April 30th, 2011
For the second consecutive year, the Lowell National Park will hold a photography contest that will run from May 1, 2011 to September 1, 2011. Last year I attended the awards ceremony for the contest and was stunned by the quality of the photos submitted (and clearly understood why the one I submitted was not a winner). I won’t try to enunciate the rules of the contest other to say that they can be found here. If it’s the same as last year, the photo has to be taken within a certain geographic area that roughly corresponds with the National Park (i.e, downtown and the Acre).
Be sure to take a look at last year’s winning photos.
April 30th, 2011
One of Germany’s most popular leisure time activities is Volksmarching which translates, I believe, to “people’s walk.” Every weekend there are dozens of Volksmarches all over Germany. The town hosting the vent typically designs a medal of some type that is reflective of the town’s history and heritage. People belong to Volksmarching organizations and have official log books to record their participation, distance and time. Once certain goals are reached, you get pins or patches to wear. (I found Germans to be very enthusiastic about such official-looking trinkets and trappings, a national character trait that might help explain some of the country’s past history but that’s a story for another day).
About twenty years ago I participated in a Volksmarch here in Lowell sponsored by the Walk ‘n Mass Volkssports Club. I don’t remember the exact route, but it was a lot of fun. The group returns to Lowell this coming June 4th for another Volksmarch. Like most spring weekends, that’s a very busy time around here but if you like walking, you should definitely check this out. There are two courses: one of 5 kilometers, the other of 10 (about 3.1 and 6.2 miles). Here’s how the group describes the two routes:
TRAIL DESCRIPTIONS: The walk is comprised of two 5km loops to make up the 5km and 10km route options. Both walk routes are relatively flat and have an AVA rating of 1+. These routes are suitable for strollers but may be difficult for wheelchairs.
The Pawtucket Falls Loop goes through a business district, past two churches over 100 years old, across a park and into a couple of neighborhoods. The trail leads down to the Pawtucket Falls and across the Merrimack River before ascending a slight hill towards part of the UMass-Lowell campus and back into town. Sights in town include the library, local businesses, town hall and the Whistler Museum before returning to the Start/Finish.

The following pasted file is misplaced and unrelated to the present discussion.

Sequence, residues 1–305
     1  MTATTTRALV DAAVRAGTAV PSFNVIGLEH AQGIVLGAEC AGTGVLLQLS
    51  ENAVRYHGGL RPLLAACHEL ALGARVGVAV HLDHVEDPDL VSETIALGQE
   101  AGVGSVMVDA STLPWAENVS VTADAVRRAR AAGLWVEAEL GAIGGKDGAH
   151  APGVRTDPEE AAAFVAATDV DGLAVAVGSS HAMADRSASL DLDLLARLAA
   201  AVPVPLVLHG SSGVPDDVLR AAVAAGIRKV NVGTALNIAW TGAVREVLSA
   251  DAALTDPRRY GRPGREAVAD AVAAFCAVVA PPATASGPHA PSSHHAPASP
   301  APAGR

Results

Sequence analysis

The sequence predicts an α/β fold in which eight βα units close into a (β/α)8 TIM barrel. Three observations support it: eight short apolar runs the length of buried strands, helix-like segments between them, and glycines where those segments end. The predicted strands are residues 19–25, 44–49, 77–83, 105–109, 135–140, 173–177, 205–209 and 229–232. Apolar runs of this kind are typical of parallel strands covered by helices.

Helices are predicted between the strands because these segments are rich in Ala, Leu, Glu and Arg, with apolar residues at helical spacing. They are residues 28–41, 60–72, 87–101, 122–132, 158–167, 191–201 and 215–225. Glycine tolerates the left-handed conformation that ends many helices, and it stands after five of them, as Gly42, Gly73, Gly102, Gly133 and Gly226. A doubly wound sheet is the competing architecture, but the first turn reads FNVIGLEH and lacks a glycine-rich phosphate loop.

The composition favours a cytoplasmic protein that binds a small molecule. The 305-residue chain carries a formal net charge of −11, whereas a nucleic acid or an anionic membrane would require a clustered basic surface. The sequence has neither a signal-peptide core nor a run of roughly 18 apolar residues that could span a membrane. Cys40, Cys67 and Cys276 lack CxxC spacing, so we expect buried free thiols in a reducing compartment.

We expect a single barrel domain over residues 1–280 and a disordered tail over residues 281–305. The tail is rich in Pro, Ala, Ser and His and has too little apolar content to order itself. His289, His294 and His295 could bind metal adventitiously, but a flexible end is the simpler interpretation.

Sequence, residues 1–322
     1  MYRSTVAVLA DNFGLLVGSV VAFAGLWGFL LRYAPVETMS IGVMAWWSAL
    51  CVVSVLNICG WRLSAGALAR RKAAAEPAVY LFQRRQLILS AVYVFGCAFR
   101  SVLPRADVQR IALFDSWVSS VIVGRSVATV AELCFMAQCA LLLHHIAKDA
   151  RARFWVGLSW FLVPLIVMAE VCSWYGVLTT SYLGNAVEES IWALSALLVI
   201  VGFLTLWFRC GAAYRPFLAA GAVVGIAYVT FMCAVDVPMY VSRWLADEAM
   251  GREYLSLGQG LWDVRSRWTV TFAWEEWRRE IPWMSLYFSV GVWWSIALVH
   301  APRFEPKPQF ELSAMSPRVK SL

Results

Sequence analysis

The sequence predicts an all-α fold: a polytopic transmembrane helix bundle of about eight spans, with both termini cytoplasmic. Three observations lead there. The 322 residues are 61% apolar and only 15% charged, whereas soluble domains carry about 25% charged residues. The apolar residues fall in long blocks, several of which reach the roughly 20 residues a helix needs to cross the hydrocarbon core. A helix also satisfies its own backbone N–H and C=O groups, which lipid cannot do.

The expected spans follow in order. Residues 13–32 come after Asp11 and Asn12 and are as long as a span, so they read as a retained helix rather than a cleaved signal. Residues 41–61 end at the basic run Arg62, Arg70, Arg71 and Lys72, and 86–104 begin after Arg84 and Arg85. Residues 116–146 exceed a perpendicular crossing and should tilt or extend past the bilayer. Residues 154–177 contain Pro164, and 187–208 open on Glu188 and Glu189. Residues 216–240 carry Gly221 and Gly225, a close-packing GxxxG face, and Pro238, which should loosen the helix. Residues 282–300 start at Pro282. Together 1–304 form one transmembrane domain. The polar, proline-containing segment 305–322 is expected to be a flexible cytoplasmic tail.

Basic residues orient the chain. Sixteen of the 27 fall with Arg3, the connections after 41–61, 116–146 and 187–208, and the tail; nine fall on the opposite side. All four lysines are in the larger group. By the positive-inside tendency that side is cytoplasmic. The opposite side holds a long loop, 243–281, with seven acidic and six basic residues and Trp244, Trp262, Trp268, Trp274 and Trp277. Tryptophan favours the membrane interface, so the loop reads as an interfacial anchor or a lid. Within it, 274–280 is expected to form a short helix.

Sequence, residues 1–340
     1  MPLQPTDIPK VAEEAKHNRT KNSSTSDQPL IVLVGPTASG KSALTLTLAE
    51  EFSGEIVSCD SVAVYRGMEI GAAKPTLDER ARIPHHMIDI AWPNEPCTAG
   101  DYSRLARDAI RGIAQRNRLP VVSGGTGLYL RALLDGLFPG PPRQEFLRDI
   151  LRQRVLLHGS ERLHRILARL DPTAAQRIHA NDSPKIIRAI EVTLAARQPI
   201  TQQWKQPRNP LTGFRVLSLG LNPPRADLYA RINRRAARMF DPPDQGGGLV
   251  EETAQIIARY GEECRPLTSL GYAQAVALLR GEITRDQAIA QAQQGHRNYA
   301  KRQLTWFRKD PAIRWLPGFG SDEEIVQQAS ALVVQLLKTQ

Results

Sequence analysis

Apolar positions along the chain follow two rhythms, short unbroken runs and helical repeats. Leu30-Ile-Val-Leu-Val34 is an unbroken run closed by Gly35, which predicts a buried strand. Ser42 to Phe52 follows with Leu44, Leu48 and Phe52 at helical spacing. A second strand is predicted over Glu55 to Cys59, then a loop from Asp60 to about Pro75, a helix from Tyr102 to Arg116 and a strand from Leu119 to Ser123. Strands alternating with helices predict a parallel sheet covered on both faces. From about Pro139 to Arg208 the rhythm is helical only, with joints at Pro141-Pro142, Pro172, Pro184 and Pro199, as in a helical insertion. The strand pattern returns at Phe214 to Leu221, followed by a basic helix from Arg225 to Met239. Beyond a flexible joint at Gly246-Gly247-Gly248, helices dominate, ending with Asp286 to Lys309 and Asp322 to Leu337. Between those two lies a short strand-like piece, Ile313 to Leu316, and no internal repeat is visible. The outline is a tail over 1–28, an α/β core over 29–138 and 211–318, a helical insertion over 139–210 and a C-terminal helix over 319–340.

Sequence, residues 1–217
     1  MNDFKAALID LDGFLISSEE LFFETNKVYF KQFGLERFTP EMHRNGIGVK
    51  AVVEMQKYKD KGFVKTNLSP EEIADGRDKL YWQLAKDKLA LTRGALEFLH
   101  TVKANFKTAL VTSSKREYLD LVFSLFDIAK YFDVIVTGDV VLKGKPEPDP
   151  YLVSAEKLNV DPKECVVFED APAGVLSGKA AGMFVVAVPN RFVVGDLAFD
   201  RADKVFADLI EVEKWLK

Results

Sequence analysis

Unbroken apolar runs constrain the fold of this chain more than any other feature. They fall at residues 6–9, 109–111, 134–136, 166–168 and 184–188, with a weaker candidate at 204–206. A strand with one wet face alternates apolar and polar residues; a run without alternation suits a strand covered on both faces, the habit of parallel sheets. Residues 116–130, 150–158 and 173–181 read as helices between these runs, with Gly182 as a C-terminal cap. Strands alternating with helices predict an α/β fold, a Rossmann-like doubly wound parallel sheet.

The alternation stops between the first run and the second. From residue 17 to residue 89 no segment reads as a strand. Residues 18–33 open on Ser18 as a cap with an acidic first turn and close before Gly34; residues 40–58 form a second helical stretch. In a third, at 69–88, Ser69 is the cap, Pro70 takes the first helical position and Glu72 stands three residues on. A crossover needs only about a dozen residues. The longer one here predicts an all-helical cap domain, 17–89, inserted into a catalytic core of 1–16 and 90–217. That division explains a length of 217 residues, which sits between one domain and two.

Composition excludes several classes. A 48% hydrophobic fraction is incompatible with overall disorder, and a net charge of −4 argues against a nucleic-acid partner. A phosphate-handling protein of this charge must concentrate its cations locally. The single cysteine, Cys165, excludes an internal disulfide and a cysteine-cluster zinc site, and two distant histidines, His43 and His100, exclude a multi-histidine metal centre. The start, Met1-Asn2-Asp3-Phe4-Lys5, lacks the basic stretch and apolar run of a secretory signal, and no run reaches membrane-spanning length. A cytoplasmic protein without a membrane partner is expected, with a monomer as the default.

The Rivers & Canals Loop departs the Visitor Center and heads to the Pawtucket Canal, then the Lower Gate Locks and past Middlesex Community College. The trail winds its way through a small business district to Boott Mills and out to the Merrimack River. Walking along the river, you pass behind Tsongas Arena and Le Lacheur Stadium, through part of the UMass-Lowell campus and to the Northern Canal. Other sights on this loop include the Merrimack Canal, Lucy Larcom Park, B&M steam locomotive #410 and the New England Quilt Museum before returning to the Start/Finish.
The event brochure is available HERE.
April 30th, 2011
John Edward, a resident of Chelmsford who earned his master’s degree at UMass Lowell and who teaches economics at Bentley University and UMass Lowell, contributes the following column.
The City of Lowell has a $2.7 million snow removal deficit because of an unexpectedly harsh winter. Just do not pay the bill! If the City has an outstanding loan just pay it back at whatever interest rate and payment schedule suits the budgetary constraints.
Voters in the Town of Chelmsford recently rejected a $9 million proposal for a new fire station. Perhaps voters would have been more inclined to vote yes if they knew the Town stood prepared to pay the contract winner less than the awarded bid price if money is tight.
Most people would agree these are bad ideas. Violating contracts signed in good faith is not an appropriate form of “fiscal discipline.”
Last year, both the City Council in Lowell and Town Meeting in Chelmsford approved submitting home-rule petitions to the State Legislature that would allow local officials to unilaterally impose changes to municipal health-care plans. Unilaterally means without renegotiating union contracts.
Times are tough for local governments. Health care costs are a major burden. However, as Governor Patrick recently said, “we don’t need to attack public sector workers to make changes for the people of the Commonwealth.” read more »